Vladimir Vinnichenko (1880-1951), the son of a peasant, was noticed and went on to study law in Kiev. There, he studied law and became involved in the revolutionary and socialist movement. He joined the RouP, the Ukrainian Revolutionary Party (1901), but was spotted for his propaganda activities among workers and peasants in the Poltava region. He was arrested and expelled from university (1902), then conscripted. He deserted and moved to the Habsburg Empire, settling in Lvov (then Lemberg). He became one of the local leaders of the Ukrainian independence movement, and editor of a nationalist newspaper. He tried to smuggle newspapers into Russia, was discovered and arrested (July 1903). He was sentenced to six months’ imprisonment, then transferred to a disciplinary battalion to complete his military service (1903-1905). On his release, he returned to Lvov and founded the Ukrainian Social-Democratic Workers’ Party (OuSDRP, December 1905). He organized clandestine actions on Russian territory to spread the revolutionary and Ukrainian nationalist cause (1905-1910). Arrested several times, he finally escaped despite facing a very heavy sentence (1910), and fled to France. He then resettled in Lvov (1913-1914). At the outbreak of the First World War, he crossed into Russia under a false name, and continued his subversive activities in Moscow (1914-1917). When the Tsar fell (February 1917), he was one of the deputies of the Central Ukrainian Rada, which the nationalists had founded in the midst of the chaos (April). He was appointed party leader by the OuSDRP, then sent to the Russian provisional republican regime in Petrograd (May) to negotiate recognition of a Ukrainian state. The Rada was tolerated, and an autonomy could emerge, but worried the provisional government. Invited to a meeting, he was immediately arrested, but the Bolshevik coup d’état changed all that (October), and he was released. Meanwhile, the Central Rada proclaimed the independence of Ukraine (OUNR, January 1918). The new state signed peace with the Central Empires at Brest-Litovsk, and he became Prime Minister. The Germans in turn staged a coup in Kiev, and installed Hetman Skoropadsky at the head of a Ukrainian puppet state (Ukrainian National Union).He was arrested, but the Germans obtained his release, believing him to be under threat from the Bolshevik army. He plotted and attempted to overthrow Skoropadsky, negotiating with the Bolsheviks in secret. He accepted the principle of autonomy in the future Soviet state, on condition that he carried out the Ukrainization of the country (which was accepted). When the central empires were defeated (November 11), he launched a revolution with Petliura and founded the OUNR (Ukrainian Nationalist Republic). He was soon dismissed as a suspected socialist and too close to the Bolsheviks (early 1919). He preferred to go off on a tangent immediately, traveling first to Berne, then to Hungary. He asked the Hungarian Bolsheviks for help in creating an alliance between Russia, Hungary and the Ukraine against the Entente (France, Great Britain, the White Armies, etc.). The Hungarian republic was crushed, and he fled to Austria (late 1919). He wrote an imposing History of the Ukrainian Revolution, and created a dissident Ukrainian Communist Party. He tried to negotiate with Lenin for his return, which was accepted, and he returned to Russia (May 1920). He agreed to join the Bolshevik Party, was appointed Vice-Chairman of the Sovnarkom for the Ukrainian Soviet Socialist Republic, and was appointed Commissar for Foreign Affairs. He did not collaborate for long, and fled again to Austria (late 1920). He then settled in Czechoslovakia (1922), then in France near Cannes (1925). Strangely enough, he remained a reference, and his works were published several times in the USSR (1923-1930). During the Great Famine, he wrote a letter of protest to the Central Party Committee in Moscow (1933), and his works were banned in the USSR. He refused to serve Nazi Germany and was thrown into a concentration camp. He survived and returned to France, urging Stalin to democratize the USSR (1950), and died on March 6, 1951.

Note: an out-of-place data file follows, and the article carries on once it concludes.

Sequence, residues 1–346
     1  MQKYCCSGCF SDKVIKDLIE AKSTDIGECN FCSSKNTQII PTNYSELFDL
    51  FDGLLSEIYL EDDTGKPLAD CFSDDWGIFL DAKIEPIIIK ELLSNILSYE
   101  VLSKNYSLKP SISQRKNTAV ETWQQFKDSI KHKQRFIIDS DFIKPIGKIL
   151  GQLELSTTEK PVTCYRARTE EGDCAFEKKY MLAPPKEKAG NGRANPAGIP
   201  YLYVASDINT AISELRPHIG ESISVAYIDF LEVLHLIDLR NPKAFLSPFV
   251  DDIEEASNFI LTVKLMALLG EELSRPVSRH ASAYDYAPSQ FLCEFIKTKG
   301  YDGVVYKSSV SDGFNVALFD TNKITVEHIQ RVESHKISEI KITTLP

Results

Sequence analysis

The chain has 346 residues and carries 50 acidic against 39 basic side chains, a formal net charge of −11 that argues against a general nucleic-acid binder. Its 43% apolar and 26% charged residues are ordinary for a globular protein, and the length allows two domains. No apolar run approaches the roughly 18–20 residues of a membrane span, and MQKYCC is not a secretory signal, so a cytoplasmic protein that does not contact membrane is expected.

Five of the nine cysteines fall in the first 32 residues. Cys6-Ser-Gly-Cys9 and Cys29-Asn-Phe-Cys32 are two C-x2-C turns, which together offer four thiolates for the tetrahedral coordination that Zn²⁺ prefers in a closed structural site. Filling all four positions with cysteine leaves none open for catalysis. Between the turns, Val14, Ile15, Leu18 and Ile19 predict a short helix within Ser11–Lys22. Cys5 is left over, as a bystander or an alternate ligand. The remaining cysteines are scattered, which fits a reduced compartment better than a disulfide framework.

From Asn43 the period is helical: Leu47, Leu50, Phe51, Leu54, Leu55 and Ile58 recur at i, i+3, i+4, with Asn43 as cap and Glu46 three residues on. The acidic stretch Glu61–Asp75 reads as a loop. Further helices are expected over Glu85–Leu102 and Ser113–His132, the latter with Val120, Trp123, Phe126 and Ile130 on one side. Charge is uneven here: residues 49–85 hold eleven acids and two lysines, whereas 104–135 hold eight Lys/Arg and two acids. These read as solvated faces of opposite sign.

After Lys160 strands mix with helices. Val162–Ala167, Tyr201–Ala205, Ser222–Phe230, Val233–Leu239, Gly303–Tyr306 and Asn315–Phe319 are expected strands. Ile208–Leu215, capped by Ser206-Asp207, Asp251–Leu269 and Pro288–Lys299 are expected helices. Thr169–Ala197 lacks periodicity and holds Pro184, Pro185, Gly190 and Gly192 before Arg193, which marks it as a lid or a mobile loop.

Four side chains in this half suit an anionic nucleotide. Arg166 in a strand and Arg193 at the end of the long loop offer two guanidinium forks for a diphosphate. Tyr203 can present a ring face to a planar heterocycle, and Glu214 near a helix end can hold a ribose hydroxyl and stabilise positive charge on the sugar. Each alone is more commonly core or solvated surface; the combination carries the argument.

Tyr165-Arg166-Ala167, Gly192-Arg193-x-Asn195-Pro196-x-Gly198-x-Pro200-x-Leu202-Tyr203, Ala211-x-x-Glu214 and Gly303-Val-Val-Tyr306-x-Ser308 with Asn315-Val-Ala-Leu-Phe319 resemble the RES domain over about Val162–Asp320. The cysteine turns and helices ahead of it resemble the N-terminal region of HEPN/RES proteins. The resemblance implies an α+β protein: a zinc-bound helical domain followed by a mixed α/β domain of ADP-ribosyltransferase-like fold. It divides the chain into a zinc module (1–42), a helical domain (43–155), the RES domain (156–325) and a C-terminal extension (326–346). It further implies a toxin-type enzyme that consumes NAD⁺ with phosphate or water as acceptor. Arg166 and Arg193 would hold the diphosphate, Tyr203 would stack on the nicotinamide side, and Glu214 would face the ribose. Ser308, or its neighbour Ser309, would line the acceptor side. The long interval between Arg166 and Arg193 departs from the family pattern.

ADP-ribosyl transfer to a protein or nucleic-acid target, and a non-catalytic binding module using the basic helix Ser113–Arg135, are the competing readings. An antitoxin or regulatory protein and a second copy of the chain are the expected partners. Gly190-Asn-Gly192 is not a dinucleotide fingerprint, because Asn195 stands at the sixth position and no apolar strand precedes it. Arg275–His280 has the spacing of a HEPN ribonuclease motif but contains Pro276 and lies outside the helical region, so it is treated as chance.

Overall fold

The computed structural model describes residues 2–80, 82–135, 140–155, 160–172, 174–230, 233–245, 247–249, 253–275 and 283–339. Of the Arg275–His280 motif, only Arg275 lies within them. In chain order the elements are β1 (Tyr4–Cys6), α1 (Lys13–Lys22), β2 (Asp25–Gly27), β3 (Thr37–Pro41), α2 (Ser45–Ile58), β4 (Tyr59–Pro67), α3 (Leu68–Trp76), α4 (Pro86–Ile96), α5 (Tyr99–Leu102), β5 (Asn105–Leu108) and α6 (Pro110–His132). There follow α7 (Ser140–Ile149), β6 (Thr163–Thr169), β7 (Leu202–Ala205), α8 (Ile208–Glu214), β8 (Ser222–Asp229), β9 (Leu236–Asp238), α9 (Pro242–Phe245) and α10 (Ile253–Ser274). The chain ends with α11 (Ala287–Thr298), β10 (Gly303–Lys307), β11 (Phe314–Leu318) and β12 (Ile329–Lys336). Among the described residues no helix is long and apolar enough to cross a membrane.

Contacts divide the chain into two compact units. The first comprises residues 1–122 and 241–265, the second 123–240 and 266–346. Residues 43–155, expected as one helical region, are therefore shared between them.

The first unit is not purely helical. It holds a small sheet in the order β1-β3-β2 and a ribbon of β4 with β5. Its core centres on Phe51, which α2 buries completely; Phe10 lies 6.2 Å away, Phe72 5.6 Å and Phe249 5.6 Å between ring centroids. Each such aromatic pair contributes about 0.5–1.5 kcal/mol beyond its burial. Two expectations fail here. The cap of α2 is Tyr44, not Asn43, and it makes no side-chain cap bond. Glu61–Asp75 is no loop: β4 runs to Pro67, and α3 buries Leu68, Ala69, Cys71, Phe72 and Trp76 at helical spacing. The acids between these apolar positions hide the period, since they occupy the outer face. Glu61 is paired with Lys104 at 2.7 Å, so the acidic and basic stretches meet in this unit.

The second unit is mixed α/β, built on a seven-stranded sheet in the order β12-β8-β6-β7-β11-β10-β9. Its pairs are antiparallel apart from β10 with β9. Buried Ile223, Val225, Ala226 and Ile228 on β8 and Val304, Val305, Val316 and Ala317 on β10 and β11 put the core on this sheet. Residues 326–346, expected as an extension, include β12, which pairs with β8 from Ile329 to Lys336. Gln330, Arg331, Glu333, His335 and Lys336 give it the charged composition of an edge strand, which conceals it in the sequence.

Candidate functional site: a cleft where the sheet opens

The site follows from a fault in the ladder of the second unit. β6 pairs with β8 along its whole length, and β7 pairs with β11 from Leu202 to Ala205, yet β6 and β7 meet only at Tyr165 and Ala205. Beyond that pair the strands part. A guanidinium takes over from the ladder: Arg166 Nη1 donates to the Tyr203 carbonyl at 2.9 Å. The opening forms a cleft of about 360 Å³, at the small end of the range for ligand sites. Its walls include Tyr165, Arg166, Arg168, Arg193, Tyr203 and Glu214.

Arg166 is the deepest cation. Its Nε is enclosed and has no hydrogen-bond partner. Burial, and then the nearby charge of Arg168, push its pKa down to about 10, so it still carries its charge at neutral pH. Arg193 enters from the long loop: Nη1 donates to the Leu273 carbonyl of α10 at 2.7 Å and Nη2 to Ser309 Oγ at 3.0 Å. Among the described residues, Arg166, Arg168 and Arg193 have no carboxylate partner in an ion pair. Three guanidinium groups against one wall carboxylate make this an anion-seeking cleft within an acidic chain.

ZOUNR (People’s Republic of Western Ukraine1918-1919), the Ukrainian National Council founded under the Habsburg Empire, announced the foundation of a Ukrainian state (October 19, 1918), which was proclaimed after the defeat of the central empires (November 13). The republic controlled Eastern Galicia, Bukovina and Transcarpathia. It was immediately attacked by Poland, then Romania, who crushed the Ukrainian nationalist troops and occupied its entire territory (July 18, 1919). Part of the Ukrainian forces joined the Poles in their war against the Bolsheviks (1919-1920). Its territory was eventually divided between Poland, Czechoslovakia and Romania. The ZOUNR leaders finally broke off their union with the OUNR (December 20, 1919), and formed a government in exile, which dispersed (March 15, 1923).